I stumbled upon this blogathon set up by Myfilmviews and because I like a challenge and need something to do I thought I’d take part! Plus reading some of the posts from other bloggers it sounds like good fun.
The first obstruction is:
This is going to be difficult whichever one I choose, I rarely completely dislike a film, I’m easily pleased really but I avoid anything I know for sure I’ll hate so I’ll go with writing a negative review of a movie I love. I very recently watched all of the Ip Man films, the main two with Donnie Yen, directed by Wilson Yip and the two directed by Herman Yau; The Legend is Born: Ip Man and Ip Man: The Final Fight. I loved all of them, and as I watched them recently they’re fresh in my mind. So without further ado, heres my negative review of The Legend is Born: Ip Man. Damn, this is going to be tough! I can’t think of anything bad to say about it!
Donnie Yen‘s performance in Wilson Yip‘s two Ip Man films was a hard one to follow and Yu-Hang To fails to match up. He lacks the finesse, charisma and quiet pensiveness that Donnie Yen brings to the role and is difficult to believe in the role of a brave and intelligent fighter. To‘s boyish charm doesn’t suit the role at all and doesn’t feel at all like a believable Ip Man.
The story barely holds any similarity to the true story of Ip Man and invents a rather far fetched sub plot in which Ip Man finds out his adopted brother is actually a Japanese spy, and they end up fighting to the death. This is a very steep adaption to Ip Man‘s biography and is entirely fictitious and very misleading, the point of the Ip Man films is to explore and celebrate someone who was a master of their art and an icon in Hong Kong history, not exploit his story and invent over the top sub plots.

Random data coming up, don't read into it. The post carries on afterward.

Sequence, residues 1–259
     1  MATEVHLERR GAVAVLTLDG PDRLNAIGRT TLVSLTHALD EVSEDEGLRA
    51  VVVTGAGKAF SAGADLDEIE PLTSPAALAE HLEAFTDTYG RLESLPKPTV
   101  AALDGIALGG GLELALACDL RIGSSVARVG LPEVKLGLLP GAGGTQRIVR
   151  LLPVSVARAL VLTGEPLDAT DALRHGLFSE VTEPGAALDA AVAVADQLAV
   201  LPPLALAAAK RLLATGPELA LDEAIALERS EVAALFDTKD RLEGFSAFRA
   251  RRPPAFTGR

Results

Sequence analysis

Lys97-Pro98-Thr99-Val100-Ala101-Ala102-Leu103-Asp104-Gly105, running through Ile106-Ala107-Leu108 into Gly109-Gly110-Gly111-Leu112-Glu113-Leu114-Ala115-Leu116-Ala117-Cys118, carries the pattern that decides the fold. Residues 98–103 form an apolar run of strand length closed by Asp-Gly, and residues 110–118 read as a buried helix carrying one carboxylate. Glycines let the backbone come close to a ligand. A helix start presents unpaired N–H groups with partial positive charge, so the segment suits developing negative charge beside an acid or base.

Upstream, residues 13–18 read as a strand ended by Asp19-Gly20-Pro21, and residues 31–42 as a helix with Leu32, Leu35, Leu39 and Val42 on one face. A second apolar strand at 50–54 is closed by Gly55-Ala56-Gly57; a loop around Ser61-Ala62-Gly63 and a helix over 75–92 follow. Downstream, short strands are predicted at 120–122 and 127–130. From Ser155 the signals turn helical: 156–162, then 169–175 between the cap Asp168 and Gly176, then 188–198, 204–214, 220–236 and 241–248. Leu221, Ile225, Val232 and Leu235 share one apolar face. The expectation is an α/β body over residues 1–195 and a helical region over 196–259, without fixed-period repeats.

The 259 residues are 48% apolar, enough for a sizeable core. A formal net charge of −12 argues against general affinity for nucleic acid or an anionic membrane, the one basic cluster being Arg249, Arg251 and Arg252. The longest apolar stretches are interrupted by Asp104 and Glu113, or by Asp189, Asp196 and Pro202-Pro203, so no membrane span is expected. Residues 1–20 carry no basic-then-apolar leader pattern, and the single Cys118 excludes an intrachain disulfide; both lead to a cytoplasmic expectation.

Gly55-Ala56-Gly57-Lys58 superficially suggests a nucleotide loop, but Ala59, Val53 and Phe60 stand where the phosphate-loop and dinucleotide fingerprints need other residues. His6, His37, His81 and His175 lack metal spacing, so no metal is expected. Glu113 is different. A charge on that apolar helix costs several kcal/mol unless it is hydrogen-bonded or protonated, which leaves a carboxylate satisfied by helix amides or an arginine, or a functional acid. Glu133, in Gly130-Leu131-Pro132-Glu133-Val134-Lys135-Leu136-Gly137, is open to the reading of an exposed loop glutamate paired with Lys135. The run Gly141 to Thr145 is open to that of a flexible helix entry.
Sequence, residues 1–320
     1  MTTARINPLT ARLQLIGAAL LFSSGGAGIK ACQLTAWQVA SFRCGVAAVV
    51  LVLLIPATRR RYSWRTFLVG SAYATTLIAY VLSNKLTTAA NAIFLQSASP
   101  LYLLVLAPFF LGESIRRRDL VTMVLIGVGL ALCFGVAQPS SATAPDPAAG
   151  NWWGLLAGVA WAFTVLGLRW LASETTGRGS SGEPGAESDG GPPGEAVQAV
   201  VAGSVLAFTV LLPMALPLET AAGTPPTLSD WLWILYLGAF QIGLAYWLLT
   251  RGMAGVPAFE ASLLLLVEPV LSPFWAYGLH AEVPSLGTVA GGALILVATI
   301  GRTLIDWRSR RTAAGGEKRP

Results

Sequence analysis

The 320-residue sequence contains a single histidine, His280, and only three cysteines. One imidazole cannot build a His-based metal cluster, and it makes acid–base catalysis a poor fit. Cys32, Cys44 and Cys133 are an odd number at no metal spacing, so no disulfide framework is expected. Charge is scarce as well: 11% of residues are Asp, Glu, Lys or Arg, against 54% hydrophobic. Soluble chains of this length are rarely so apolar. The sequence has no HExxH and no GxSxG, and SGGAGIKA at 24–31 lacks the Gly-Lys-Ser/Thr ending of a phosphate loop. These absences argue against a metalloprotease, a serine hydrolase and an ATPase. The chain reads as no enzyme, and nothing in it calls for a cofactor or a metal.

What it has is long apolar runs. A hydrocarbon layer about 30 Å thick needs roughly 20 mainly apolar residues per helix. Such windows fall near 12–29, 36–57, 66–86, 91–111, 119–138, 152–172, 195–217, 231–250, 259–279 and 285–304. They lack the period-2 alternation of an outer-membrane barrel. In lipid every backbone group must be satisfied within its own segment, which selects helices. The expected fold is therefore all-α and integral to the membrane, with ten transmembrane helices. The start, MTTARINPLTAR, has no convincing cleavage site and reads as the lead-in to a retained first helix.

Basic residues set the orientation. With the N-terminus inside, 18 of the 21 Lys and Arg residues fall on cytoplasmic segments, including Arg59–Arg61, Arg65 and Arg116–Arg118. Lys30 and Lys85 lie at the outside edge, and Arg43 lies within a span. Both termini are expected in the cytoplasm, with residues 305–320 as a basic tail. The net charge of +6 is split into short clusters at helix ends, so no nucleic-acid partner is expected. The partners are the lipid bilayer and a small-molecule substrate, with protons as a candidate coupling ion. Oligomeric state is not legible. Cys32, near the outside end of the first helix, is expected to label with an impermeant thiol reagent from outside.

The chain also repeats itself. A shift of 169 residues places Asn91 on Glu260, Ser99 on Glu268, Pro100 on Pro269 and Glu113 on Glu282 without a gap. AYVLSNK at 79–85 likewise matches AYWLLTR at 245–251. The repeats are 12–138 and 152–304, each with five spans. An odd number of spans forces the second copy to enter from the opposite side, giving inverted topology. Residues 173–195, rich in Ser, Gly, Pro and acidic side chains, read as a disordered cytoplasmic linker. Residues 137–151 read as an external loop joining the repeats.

Ip Man‘s real-life son Ip Chun makes an appearance as elderly pharmacy owner and martial arts master Leung Bik, his appearance a small highlight to the film. He has very little to do or say and has a very small and insignificant role which seems a shame as he appears to be the only one involved in the film with any idea about the real Ip Man. It’s a wonder he didn’t refuse point blank to be involved in something that ignores the true story of his legendary father and replaces it with far fetched fiction.
Although the martial arts is well choreographed, the far fetched nature of the plot and the limp performance of To as Ip Man spoils the films potential. Wilson Yip‘s Ip Man films were difficult to follow, and Donnie Yen‘s legendary performance equally so but this film doesn’t even manage to come close. It would have benefitted a story much closer to the truth and a better actor to play the titular role. Don’t waste your time; watch Wilson Yip‘s film instead.